The key point though in all of this, regardless of what metrics are set, highly effective marketers do not stop their marketing responsibility at the top of the marketing funnel, they are following through and take full accountably for the campaign, initiative, or workstream all the way to point of purchase – right to the end of the sales funnel.
2 Ability to balance time and priorities for effective outcomes
Apart from being strategically and operationally great marketing performers, there are two factors that some marketers manage better than others, and those are time and priorities.
Everyone needs to balance priorities as there are always too many things to do and too little time in a day to do all of it. However, successful marketers seem to have a clear line of sight of what needs to be done, and in what order to optimise the result. This is a very important attribute, especially in situations when revenue and/or profit is under pressure.
For all of you who have experienced a turnaround situation, you know that the time frame is usually very short – at least to prove a trend change and/or signals that show that revenue will grow.
So, from a marketing standpoint, whether you are part of a marketing team or being the leader, what will your focus be to ensure a quick trend change, yet building value for the longer term?
The answer is usually doing the right things in the right order – getting the priorities straight. And that is very difficult, especially in a time of change when the pressure to fix everything is usually very imminent.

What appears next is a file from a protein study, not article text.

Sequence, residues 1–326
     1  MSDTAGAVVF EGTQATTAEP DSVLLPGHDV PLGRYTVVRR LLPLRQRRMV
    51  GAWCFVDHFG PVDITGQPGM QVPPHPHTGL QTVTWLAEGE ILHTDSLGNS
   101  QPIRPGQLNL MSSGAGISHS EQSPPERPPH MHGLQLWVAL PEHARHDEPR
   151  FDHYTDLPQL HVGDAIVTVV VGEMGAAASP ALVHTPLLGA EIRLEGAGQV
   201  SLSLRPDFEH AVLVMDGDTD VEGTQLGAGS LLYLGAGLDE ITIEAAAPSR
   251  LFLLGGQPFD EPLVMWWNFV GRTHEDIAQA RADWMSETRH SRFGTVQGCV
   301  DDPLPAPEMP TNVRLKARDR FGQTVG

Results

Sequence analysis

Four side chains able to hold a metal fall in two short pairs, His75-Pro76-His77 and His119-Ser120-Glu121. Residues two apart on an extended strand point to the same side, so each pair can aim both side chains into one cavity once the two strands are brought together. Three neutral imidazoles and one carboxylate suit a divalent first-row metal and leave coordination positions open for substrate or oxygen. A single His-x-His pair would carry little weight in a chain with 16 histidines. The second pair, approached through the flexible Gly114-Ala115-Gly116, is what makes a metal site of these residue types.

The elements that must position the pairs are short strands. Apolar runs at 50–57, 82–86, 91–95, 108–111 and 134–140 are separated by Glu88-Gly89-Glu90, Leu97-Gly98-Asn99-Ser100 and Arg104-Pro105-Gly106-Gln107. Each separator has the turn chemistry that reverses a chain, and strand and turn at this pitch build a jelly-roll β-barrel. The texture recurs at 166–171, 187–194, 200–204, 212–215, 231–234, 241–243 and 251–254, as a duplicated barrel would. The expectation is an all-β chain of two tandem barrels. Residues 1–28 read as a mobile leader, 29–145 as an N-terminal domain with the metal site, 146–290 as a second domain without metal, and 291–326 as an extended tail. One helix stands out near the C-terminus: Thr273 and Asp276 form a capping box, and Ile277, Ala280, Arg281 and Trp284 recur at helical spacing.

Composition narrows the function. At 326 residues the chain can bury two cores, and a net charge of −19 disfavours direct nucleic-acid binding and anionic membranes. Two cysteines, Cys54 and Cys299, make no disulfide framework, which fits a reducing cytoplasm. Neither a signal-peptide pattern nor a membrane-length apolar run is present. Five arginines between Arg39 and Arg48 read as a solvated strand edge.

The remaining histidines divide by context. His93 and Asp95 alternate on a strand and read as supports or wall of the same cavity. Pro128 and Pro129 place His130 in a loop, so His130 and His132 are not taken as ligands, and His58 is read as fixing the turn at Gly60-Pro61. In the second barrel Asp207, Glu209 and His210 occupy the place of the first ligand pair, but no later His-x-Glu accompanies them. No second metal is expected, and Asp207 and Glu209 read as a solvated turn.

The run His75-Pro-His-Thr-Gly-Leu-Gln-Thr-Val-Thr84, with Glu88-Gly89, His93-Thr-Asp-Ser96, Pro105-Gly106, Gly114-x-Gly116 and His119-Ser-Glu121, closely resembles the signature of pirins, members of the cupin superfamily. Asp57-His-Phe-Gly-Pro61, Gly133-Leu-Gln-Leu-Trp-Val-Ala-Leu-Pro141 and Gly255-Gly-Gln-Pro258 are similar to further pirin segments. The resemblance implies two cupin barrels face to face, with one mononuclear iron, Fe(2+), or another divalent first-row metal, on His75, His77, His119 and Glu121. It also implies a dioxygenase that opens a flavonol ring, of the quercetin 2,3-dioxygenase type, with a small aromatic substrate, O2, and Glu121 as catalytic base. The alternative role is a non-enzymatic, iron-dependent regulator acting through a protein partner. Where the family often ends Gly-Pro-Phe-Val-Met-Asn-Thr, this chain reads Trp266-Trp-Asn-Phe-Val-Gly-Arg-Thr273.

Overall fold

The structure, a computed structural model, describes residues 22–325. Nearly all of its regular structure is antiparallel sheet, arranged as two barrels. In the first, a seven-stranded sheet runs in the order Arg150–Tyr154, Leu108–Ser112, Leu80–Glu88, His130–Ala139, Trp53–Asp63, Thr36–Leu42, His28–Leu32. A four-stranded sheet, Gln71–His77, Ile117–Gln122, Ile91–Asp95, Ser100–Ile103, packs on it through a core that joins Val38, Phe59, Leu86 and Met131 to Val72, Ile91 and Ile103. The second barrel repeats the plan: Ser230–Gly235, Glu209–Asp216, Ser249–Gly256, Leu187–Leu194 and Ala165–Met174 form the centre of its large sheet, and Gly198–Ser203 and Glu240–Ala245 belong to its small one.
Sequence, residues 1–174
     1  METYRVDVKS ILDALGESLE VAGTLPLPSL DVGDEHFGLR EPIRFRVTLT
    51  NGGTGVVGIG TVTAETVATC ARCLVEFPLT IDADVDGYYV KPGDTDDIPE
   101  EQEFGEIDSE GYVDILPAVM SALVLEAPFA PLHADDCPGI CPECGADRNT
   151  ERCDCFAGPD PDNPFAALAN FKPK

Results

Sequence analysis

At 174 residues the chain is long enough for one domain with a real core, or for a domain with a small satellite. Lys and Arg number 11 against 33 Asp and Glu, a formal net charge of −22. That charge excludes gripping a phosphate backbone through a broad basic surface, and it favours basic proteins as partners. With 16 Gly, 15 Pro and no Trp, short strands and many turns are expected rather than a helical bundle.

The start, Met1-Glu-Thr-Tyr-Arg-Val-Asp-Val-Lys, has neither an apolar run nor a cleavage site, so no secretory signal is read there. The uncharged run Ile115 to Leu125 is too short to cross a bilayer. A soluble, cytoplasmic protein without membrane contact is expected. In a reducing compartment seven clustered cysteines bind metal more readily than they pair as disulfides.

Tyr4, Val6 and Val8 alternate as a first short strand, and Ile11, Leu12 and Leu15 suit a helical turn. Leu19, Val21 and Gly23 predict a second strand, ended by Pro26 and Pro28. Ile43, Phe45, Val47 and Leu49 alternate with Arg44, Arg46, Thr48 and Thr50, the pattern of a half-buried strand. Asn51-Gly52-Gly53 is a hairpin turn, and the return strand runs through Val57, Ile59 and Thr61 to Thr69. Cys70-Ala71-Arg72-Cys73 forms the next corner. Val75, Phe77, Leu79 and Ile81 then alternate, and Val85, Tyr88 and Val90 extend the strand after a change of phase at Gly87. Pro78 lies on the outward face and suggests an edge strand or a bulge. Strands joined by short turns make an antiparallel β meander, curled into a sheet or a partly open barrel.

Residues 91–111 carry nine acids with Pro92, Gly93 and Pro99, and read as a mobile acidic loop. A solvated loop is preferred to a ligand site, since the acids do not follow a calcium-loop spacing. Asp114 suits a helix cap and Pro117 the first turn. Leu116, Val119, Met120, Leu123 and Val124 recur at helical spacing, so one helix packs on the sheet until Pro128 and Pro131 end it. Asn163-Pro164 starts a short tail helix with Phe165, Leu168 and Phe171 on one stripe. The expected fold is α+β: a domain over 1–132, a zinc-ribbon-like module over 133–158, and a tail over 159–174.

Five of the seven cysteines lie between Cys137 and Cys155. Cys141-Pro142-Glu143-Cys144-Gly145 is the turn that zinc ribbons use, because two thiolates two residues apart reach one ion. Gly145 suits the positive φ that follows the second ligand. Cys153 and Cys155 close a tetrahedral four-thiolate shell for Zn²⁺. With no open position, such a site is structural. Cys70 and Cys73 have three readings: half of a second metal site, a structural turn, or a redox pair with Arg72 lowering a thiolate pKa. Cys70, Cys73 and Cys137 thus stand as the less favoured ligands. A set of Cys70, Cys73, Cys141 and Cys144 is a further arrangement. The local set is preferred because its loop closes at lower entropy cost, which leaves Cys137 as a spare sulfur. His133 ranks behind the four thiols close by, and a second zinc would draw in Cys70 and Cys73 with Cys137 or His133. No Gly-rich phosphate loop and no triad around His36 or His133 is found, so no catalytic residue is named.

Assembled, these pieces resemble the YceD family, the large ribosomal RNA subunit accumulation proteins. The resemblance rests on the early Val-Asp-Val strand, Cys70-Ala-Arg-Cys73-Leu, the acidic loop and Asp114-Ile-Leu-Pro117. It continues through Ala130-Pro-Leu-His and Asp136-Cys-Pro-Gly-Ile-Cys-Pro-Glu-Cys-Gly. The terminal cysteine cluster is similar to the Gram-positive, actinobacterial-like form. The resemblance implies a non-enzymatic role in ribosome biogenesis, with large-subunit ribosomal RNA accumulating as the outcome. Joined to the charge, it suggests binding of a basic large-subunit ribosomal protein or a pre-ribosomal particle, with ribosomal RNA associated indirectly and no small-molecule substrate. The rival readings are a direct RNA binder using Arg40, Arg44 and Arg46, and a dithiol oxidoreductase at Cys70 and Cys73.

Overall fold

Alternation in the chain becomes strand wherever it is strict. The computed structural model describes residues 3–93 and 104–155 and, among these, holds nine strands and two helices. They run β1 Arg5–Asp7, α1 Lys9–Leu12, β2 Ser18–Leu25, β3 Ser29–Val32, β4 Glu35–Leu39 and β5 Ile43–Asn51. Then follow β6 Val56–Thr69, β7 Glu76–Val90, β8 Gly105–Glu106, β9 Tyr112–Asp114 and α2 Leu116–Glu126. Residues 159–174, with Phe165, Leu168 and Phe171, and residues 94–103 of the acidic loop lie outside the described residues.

Remember if you start in the wrong end, it is very likely that you are not creating the momentum you need; it will feel that you are standing still no matter how hard you and the team are working.
The most effective marketers are very good at seeing in what order work needs to get done and feed this back to the stakeholders. For instance, if the company is under revenue growth pressure, you need to ask yourself: Out of all those areas the marketing team is involved in, what is realistic to deliver, what are the must-have-areas that provide the highest contribution to target; and what are the areas you cannot address until you have put the basics in place first.
It’s not easy, but once again, if you use a commercial-led marketing mindset, that will guide you in your decisions.
3 Interest in transferring ideas from other industries
No one would argue that it is hard work to become a successful marketer, and everyone has their own strategies to find ways to constantly improve and deliver results, and coupe with pressure.